FB Pixel no scriptIn reversal, Hong Kong shoppers flock to Shenzhen to bargain hunt | KrASIA

In reversal, Hong Kong shoppers flock to Shenzhen to bargain hunt

Written by Nikkei Asia Published on   3 mins read

Retailers in the territory are struggling with the northbound shift driven by a strong currency.

Hong Kong, previously a magnet for shoppers from mainland China, is losing local consumer spending to nearby Shenzhen, as high prices and the territory’s strong currency erode its edge.

A subway ride from Admiralty Station in central Hong Kong to the Luohu border crossing in Shenzhen on a recent Sunday morning took about 50 minutes and HKD 50 (USD 6.40). The train was filled with families and couples, with some passengers carrying bags or small suitcases.

“Shenzhen has a lot of store options,” said a man in his 40s riding the train with his daughter. The mainland city features an array of foreign brands such as Lululemon and Uniqlo as well as local Chinese brands, along with inexpensive street food like noodles, hot pot and skewers.

In 2023, when Covid-19-related restrictions were lifted, Hong Kongers entered mainland China via Shenzhen by land about 53 million times—equivalent to seven times per resident of the territory. Their main destination was Shenzhen itself, which is easily accessible by subway, high-speed train, and car.

Consumer spending in Shenzhen grew 8% last year to RMB 1.05 trillion (USD 145 billion), according to the local government, with shopping up 7% and food spending rising 15%. The overall growth continued last quarter, with a 4% year-on-year rise.

Cheap food and services on the mainland are a big part of the appeal.

Three women in their 40s at a Sam’s Club members-only supermarket in Shenzhen said they take a day trip to the city once every month or two and spend about RMB 2,000 each, with food making up about two-thirds of the cost. Counting transportation, the cost works out to about the same as in Hong Kong, they said.

Shenzhen’s public and private sectors are coming together to tap this demand. A bus operator affiliated with the city government runs free routes linking the border crossing with shopping centers and tourist hotspots.

The Wongtee Plaza mall offers discounts to shoppers who use the Hong Kong version of its electronic payment service. Another shopping center increases staffing at stores on Hong Kong holidays and provides free parking for cars with Hong Kong license plates.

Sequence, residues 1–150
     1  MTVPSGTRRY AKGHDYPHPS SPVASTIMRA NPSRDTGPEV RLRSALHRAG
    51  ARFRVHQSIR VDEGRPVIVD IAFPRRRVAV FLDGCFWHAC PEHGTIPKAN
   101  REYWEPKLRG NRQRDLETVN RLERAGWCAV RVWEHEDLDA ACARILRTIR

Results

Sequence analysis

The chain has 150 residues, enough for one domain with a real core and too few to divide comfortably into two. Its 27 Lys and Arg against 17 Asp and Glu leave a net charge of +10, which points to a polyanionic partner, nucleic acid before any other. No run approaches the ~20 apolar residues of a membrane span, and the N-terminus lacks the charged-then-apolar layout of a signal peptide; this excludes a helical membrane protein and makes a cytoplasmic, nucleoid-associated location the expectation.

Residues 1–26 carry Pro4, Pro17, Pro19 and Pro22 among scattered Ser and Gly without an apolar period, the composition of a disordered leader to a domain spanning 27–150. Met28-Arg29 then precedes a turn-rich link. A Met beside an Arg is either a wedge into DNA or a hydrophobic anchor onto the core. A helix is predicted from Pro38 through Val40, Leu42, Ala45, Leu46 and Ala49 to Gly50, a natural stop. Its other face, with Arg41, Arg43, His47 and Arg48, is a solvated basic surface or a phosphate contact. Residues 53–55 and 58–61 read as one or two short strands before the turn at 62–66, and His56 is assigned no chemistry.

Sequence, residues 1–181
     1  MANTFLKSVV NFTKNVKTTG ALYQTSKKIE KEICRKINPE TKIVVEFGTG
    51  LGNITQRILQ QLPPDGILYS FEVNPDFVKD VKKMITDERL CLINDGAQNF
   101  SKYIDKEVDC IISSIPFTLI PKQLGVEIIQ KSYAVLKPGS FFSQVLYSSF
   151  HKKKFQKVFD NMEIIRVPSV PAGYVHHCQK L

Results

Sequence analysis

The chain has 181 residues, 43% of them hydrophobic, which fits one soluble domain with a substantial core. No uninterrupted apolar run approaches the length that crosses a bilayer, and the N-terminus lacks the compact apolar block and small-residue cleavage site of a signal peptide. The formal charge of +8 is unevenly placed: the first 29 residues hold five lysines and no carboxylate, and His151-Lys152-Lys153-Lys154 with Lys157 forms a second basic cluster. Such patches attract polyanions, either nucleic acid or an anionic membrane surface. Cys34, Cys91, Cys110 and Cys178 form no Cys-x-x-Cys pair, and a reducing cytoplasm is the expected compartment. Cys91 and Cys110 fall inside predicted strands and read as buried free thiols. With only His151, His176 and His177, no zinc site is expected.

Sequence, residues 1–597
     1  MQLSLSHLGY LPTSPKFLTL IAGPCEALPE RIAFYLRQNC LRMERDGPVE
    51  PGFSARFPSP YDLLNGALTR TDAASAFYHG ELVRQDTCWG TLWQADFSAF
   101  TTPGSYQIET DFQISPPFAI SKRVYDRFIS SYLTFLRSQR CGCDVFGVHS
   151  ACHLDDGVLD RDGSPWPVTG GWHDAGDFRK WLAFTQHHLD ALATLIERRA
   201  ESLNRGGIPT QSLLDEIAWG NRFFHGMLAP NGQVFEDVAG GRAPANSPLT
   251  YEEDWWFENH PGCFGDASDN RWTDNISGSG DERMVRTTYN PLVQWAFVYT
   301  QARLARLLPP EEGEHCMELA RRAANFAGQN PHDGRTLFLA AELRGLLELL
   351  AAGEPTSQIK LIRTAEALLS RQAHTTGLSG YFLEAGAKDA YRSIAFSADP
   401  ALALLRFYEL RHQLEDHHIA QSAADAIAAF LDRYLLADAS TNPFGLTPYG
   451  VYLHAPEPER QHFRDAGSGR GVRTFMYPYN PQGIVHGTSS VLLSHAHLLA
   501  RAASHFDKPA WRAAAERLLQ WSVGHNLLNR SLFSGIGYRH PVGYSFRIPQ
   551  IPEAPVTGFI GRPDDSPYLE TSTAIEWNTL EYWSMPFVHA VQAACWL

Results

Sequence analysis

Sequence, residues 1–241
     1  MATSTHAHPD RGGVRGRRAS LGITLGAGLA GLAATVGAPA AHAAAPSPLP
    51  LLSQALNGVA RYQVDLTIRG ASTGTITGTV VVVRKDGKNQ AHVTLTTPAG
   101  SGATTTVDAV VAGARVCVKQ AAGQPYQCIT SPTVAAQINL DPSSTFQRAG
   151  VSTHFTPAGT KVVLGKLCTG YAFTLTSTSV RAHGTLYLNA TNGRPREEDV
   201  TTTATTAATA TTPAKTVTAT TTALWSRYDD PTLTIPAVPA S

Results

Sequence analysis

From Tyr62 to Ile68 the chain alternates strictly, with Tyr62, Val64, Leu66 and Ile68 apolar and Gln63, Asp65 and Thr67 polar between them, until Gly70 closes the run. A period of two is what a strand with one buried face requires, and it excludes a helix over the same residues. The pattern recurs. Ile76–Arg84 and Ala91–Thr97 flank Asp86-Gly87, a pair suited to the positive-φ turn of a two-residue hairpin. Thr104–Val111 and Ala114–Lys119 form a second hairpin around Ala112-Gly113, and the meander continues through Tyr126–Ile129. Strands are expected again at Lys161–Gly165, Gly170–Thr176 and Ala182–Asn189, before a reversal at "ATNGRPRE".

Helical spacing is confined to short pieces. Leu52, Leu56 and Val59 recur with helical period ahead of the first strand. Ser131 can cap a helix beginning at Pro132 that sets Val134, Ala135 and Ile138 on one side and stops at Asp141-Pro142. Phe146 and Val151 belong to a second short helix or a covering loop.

Meanwhile, the outflow of consumer money is vexing Hong Kong.

Retail sales in the territory slid 1.3% on the year last quarter, sitting below even where they were under pandemic restrictions. The nearly four-decade-old Dah Chong Hong Food Mart grocery chain closed all of its 28 locations in April after losing customers to big membership-only supermarkets in Shenzhen and elsewhere.

A group compiling information on local restaurants and shops that have gone out of business has caught attention on Facebook. Many commenters lament the closure of favorite stores, or the loss of Hong Kong’s edge over the mainland.

“The store closures aren’t stopping,” said Raiky Wong, director of retail at real estate brokerage Centaline Commercial. Wong expects transaction prices for commercial tenants to fall by up to 5% this quarter compared with the January-March period.

Aiding this shift toward the mainland is the appreciation of the Hong Kong dollar, which is pegged to the strong US dollar. As of May 1, the Hong Kong currency had strengthened 5% against the yuan compared with a year earlier, and around 10% from two or three years ago.

Many Hong Kong restaurants add 10% service charges to bills for customers dining in.

On the other hand, the quality of food and services in Shenzhen and other big mainland cities has improved, said a 47-year-old Hong Kong resident who visits the mainland with friends almost every week. “Everything feels more expensive when I come back to Hong Kong,” she said.

“Hong Kong is in a difficult transition period, and the slump in spending from factors such as ‘northbound consumption’ will probably continue,” said Annie Yau-tse, chair of the Hong Kong Retail Management Association.

This article first appeared on Nikkei Asia. It has been republished here as part of 36Kr’s ongoing partnership with Nikkei.


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